Call for help with miniature steam engine learning centre in Haywards Heath

The Branch Line team: Roy Preston, Ken Hope, Andrew Brock and Andrew Strongitharm
The Branch Line team: Roy Preston, Ken Hope, Andrew Brock and Andrew Strongitharm

A centre where youngsters and old alike can learn the science and engineering behind miniature steam engines could be coming to Haywards Heath.

Newly-formed charity The Branch Line has secured the necessary approvals to build the learning centre at Beech Hurst Gardens but now needs to raise £200,000 to finish the project and recruit volunteers.

Roy Preston driving his South Eastern and Chatham Railway (SECR) C Class 0-6-0 locomotive No. 255

Roy Preston driving his South Eastern and Chatham Railway (SECR) C Class 0-6-0 locomotive No. 255

Dr Roy Preston, chairman of the trustees, said: “The miniature railway in Beech Hurst Gardens has been providing rides for passengers for over 60 years and is now recognised as an enormously valuable attraction and amenity.

“Many people, and especially children, are keen to have a ride behind a steam engine but it is often the case that they don’t understand how the engines work.

“Even adults can be amazed to see small lumps of coal being put into the firebox and sometimes children see water being put into the tender and think it is petrol.

“Nevertheless, it is encouraging that parents will ask if there is any way their children can learn about how steam engines work.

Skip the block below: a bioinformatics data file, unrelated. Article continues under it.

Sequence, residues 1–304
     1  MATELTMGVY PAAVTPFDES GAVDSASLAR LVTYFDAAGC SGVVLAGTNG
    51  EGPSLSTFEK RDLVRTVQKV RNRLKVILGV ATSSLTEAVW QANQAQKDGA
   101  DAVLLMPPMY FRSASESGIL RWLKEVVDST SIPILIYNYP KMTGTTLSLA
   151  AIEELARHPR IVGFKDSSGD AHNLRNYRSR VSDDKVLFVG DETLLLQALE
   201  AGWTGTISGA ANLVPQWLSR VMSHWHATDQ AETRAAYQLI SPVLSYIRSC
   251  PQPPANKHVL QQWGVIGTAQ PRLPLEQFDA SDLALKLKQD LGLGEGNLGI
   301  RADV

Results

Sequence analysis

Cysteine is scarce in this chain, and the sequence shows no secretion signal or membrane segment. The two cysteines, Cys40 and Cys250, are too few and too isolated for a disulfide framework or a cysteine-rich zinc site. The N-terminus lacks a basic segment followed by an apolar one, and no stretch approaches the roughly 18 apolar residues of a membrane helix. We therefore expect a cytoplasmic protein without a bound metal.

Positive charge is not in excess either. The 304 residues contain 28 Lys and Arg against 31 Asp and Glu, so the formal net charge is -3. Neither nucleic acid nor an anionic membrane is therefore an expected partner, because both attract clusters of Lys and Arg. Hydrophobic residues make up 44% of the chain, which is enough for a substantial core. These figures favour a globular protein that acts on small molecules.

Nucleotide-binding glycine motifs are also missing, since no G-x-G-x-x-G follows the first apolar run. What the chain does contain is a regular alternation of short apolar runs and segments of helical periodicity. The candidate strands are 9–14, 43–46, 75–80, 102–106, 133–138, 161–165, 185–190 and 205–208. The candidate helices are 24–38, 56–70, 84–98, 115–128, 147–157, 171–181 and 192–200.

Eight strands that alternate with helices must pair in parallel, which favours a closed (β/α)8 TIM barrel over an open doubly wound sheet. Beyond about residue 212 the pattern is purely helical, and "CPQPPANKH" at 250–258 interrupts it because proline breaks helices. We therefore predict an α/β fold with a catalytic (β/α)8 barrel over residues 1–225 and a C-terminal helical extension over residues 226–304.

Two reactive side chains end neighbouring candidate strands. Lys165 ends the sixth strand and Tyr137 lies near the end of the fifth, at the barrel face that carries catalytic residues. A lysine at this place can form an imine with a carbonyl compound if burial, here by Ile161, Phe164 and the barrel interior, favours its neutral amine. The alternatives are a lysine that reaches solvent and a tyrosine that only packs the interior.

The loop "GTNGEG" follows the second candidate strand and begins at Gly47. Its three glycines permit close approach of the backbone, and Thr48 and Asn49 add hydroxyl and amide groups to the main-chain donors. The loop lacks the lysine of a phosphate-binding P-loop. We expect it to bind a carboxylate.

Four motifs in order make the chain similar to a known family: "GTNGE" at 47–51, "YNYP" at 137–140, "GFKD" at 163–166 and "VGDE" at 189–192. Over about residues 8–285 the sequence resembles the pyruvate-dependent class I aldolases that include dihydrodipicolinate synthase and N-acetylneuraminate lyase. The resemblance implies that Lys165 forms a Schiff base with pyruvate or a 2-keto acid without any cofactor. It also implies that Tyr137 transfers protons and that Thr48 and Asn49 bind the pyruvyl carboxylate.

“When most miniature railways were built many years ago, children were taught metalwork and engineering drawing at school.

“These skills often laid the foundation for many of the older generation to build and maintain model steam locomotives.

“Nowadays, school children don’t have these opportunities but some may wish to take up model engineering as they grow up.

“Without this new blood, the heritage of building, maintaining and operating miniature steam locomotives will not be sustainable.

“The model engineering industry has also changed and evolved over the years, so it is now possible to buy a range of products from ready-to-run steam locomotives to detailed component parts.

“Realising these changes, it was apparent to me that there is an obvious shortfall with miniature railway clubs in that very few have the facilities where the engineering and technology associated with steam engines can be taught, understood and passed on to mainly younger generations.”

The charity has been working with Mid Sussex District Council and approval for the centre was given in September last year.

The centre would be attached to the existing SMLS Club House and would be run by volunteers and operated as a Charitable Incorporated Organisation (CIO).

Mr Preston added: “Our next stage in this innovative project is to raise £200,000 to build and equip The Branch Line and then recruit the services of volunteers.”

People who would like to help can email branchline255@gmail.com.

To donate, visit www.branchlinelearningcentre.com.

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